Research Project Spotlight


A solar powered buoy floating at sea

One of the SJSU Research Foundation’s most fascinating projects is “MOBY,” short for Marine Optical BuoY, an autonomous optical buoy which is moored off the island of Lanai in Hawaii. The buoy is a primary ocean observatory for the calibration of satellite ocean color sensors. By measuring water-leaving radiance, and assessing the resulting water color, MOBY provides data that satellites can use to continuously calibrate and validate their on-orbit measurements. 

The MOBY design process started with NOAA funding in 1988, and in 1992 SJSU’s Moss Landing Marine Laboratories (MLML) was selected through a NASA grant process to participate in the engineering and construction of the initial system. Construction was followed by deployments of prototypes, first in Monterey Bay (1993) and then in Hawaii (1995). The buoy was tested in the fall of 1996 in Hawaii, and MOBY became operational at the current Lanai site in July 1997. 

A Hawaii-based MLML team of researchers, scientists, programmers, technicians, and divers has primary responsibility for maintaining and calibrating the buoy. Led by Mark Yarbrough, the team monitors and evaluates the data that MOBY produces.

“MOBY has become a life’s work for me,” Yarbrough says. “The opportunity to regularly work at sea and face new technological and scientific challenges almost daily has provided motivation and held my interest for decades. There is great satisfaction in knowing your work can provide tangible benefit to the extremely valuable satellite programs we support.”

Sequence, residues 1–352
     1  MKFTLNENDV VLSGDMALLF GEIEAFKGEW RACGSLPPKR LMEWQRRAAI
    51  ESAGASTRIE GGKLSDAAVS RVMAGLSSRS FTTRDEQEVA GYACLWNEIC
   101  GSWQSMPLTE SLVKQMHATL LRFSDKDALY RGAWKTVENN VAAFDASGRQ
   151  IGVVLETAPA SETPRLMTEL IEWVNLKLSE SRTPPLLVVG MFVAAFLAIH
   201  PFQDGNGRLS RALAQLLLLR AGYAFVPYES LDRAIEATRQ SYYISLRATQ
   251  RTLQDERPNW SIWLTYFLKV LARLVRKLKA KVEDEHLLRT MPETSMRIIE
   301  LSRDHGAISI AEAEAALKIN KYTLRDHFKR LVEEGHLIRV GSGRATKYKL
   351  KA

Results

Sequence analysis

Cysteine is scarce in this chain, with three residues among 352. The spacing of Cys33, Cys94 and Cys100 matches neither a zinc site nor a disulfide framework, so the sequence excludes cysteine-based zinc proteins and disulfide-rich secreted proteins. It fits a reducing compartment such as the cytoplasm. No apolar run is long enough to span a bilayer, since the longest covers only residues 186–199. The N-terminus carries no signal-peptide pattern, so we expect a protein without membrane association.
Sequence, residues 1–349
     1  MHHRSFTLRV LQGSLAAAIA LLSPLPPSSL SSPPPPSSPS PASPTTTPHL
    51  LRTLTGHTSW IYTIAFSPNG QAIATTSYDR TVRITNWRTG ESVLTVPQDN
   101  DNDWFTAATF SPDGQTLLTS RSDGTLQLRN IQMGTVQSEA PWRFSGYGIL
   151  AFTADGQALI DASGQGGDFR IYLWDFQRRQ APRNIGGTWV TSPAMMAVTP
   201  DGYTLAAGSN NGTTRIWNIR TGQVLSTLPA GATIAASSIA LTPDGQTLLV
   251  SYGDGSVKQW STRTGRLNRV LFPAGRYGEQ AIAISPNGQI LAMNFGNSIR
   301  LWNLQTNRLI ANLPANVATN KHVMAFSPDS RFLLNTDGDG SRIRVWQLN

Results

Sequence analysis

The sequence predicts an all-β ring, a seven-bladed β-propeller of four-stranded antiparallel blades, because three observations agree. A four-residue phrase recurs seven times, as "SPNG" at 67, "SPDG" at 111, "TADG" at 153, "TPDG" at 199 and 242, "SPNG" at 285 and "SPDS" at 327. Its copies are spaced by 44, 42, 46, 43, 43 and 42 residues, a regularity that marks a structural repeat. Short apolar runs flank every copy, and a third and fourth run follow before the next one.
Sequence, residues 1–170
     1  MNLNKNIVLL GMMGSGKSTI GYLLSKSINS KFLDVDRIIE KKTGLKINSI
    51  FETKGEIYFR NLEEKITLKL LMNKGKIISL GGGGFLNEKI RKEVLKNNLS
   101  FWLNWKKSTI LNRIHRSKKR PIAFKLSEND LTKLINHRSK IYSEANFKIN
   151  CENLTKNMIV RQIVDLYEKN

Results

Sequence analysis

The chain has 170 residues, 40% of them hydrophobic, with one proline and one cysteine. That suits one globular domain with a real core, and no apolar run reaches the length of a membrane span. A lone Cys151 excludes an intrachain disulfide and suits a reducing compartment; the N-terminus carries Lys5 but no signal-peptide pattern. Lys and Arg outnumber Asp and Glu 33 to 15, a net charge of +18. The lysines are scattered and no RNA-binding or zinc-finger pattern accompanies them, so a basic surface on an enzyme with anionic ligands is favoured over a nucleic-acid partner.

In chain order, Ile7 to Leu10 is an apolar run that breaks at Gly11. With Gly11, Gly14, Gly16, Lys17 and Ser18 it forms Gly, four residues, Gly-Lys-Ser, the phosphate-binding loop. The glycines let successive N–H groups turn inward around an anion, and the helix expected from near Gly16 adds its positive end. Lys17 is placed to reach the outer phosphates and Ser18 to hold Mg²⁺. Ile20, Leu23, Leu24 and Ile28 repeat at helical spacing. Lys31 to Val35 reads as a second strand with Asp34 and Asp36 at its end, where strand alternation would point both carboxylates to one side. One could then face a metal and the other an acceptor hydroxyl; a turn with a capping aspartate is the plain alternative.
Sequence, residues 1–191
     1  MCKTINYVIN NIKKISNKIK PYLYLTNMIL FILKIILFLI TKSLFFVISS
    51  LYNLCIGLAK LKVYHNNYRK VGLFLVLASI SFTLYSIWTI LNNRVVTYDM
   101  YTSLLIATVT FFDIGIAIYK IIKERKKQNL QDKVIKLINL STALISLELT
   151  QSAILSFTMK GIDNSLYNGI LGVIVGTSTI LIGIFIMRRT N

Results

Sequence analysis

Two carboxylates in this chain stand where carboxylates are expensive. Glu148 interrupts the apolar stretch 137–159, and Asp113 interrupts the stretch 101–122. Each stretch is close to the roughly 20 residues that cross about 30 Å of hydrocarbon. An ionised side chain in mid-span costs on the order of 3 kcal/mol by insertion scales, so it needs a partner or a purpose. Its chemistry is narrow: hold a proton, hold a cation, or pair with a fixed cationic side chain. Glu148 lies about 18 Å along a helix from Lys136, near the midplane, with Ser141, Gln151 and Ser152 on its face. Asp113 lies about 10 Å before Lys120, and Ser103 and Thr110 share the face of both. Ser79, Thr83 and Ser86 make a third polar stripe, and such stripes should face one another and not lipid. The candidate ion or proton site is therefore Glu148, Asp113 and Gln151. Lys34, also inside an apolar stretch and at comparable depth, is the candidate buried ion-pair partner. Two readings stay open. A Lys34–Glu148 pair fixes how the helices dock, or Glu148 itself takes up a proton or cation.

During prevailing trade wind conditions, the buoy’s location off the coat of Lanai is sheltered in the lee of the island, yet it is far enough offshore to minimize atmospheric perturbations associated with the island’s wake. There are two complete MOBY systems, one of which is moored and operational at any given time. The typical duration of a single MOBY deployment is between three and four months. During this period, the other MOBY is maintained and refurbished, and its MOS recalibrated to prepare it for deployment in relief of its alternate.   

Today, MOBY is in its 21st year of continuous operation, supporting over a dozen U.S. and international ocean color satellite programs.

More information is available on the MOBY website.